Orchid flowers primitively had three stamens, but this situation is now limited to the genus Neuwiedia. Apostasia and the Cypripedioideae have two stamens, the central one being sterile and reduced to a staminode. All of the other orchids, the clade called Monandria, retain only the central stamen, the others being reduced to staminodes (4). The filaments of the stamens are always adnate (fused) to the style to form cylindrical structure called the gynostemium or column (2). In the primitive Apostasioideae, this fusion is only partial; in the Vanilloideae, it is more deep; in Orchidoideae and Epidendroideae, it is total. The stigma (9) is very asymmetrical, as all of its lobes are bent towards the centre of the flower and lie on the bottom of the column.
The Lycaste orchid genus, similarly to its relative Anguloa, likes intermediate-to-bright light, intermediate-to-cool temperatures, and high humidity. The flowers look rather different, though; they are more-or-less triangular in shape because the sepals point outward while the petals point forward. These orchids are very fun to grow, and will thrive if you get their care right. 

This is not a type of orchid you’ll want to place on your windowsill, because the stems grow up to four feet high. Phaius orchids have large, strappy leaves, and they usually produce petals that are yellow, purple, or white. Also known as the Nun’s Cap orchid, it is a winter bloomer and makes a great addition to anyone’s garden, regardless of what else is planted there.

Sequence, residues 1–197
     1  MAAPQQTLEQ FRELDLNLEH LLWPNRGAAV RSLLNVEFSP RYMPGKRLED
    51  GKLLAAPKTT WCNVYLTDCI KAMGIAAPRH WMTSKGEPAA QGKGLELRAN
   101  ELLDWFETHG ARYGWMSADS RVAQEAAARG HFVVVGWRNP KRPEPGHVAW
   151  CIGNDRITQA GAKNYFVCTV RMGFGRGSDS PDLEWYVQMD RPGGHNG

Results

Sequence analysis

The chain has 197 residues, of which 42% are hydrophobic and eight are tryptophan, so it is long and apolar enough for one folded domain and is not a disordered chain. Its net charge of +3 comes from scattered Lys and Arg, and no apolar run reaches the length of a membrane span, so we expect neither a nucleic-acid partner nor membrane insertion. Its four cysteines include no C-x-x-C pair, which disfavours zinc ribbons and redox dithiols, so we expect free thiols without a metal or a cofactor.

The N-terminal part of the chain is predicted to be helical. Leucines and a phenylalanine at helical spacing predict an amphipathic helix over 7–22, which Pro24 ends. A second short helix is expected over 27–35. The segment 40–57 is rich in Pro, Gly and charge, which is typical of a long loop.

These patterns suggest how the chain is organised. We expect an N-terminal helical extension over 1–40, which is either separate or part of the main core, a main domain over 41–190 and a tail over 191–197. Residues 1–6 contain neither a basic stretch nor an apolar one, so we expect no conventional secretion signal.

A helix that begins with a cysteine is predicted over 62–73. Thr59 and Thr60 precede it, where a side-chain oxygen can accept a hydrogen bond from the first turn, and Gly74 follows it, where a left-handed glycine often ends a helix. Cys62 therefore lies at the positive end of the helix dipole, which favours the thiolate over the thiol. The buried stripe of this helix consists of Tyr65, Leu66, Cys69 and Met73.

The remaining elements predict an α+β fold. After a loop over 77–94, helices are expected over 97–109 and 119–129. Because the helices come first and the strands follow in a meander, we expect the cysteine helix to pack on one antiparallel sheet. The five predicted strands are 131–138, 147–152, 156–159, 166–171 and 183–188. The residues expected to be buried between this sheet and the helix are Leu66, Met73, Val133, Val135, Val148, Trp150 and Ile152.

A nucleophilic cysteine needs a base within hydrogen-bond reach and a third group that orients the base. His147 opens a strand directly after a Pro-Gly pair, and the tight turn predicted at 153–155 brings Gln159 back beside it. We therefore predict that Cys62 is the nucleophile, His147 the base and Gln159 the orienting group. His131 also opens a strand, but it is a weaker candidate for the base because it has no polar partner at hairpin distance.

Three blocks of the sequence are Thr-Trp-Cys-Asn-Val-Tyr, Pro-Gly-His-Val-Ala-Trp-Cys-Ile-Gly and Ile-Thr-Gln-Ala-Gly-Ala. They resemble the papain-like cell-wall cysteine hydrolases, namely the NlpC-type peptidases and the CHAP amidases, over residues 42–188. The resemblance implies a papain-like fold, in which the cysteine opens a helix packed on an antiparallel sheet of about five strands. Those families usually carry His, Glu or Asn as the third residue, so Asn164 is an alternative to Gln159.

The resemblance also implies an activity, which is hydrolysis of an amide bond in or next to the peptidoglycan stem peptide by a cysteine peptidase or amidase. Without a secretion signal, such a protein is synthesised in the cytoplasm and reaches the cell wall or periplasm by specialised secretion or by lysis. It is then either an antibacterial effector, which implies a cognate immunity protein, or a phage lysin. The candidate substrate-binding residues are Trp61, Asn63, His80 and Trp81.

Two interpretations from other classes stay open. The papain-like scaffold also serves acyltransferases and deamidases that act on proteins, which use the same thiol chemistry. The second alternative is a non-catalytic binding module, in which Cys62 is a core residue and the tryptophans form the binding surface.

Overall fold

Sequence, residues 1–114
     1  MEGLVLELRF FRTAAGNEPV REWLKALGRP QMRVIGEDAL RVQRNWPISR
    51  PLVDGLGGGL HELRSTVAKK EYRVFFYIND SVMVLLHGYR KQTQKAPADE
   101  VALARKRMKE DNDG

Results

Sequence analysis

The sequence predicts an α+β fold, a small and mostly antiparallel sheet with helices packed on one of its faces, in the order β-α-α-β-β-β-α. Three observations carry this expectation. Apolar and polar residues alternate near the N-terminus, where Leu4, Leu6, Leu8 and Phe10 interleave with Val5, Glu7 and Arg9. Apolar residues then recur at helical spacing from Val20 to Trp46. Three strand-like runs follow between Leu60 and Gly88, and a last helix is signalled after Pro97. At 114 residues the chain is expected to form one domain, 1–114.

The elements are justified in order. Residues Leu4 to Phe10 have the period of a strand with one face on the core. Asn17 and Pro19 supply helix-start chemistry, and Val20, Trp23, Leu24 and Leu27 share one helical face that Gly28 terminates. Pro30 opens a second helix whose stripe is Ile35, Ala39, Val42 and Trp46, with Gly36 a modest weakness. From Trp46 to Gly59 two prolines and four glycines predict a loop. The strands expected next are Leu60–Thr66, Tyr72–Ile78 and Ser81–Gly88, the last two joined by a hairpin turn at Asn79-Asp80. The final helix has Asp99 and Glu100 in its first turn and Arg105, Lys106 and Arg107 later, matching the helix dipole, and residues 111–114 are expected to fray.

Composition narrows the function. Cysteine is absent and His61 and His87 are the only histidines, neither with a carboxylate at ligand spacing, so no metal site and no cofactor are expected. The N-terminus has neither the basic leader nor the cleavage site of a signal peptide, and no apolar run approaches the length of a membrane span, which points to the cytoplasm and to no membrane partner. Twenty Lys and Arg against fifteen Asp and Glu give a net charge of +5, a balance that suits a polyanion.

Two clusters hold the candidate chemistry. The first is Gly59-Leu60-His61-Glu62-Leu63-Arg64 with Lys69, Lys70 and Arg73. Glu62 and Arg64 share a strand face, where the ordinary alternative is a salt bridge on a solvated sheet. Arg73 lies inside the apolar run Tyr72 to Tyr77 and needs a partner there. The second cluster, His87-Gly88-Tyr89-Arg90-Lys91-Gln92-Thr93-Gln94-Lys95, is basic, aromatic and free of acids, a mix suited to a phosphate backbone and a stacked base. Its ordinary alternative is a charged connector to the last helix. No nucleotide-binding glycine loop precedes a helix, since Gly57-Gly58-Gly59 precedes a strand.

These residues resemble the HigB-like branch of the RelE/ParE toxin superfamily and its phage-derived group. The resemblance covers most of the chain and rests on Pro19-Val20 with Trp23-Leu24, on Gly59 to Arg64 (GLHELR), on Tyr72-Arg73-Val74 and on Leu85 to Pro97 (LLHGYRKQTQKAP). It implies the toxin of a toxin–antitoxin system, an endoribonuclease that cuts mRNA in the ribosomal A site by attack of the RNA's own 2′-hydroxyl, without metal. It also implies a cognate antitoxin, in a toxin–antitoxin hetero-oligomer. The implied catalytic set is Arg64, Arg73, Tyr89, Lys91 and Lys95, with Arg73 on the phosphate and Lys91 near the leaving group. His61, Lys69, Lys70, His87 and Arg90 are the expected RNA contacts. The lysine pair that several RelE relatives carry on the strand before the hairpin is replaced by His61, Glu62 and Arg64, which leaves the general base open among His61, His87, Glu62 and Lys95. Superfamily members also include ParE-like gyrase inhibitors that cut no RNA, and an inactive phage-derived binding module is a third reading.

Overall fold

Horticultural techniques have been devised for germinating orchid seeds on an artificial nutrient medium, eliminating the requirement of the fungus for germination and greatly aiding the propagation of ornamental orchids. The usual medium for the sowing of orchids in artificial conditions is agar agar gel combined with a carbohydrate energy source. The carbohydrate source can be combinations of discrete sugars or can be derived from other sources such as banana, pineapple, peach, or even tomato puree or coconut water. After the preparation of the agar agar medium, it is poured into test tubes or jars which are then autoclaved (or cooked in a pressure cooker) to sterilize the medium. After cooking, the medium begins to gel as it cools.
Consider your climate. The frequency with which you water orchids is affected by the level of humidity in your climate, as well as the amount of sun the orchid gets and the temperature of the air. Since these factors vary according to region and household, there's no rule for how often to water an orchid. You'll have to develop a routine catered to your specific environment.
The complex mechanisms that orchids have evolved to achieve cross-pollination were investigated by Charles Darwin and described in Fertilisation of Orchids (1862). Orchids have developed highly specialized pollination systems, thus the chances of being pollinated are often scarce, so orchid flowers usually remain receptive for very long periods, rendering unpollinated flowers long-lasting in cultivation. Most orchids deliver pollen in a single mass. Each time pollination succeeds, thousands of ovules can be fertilized.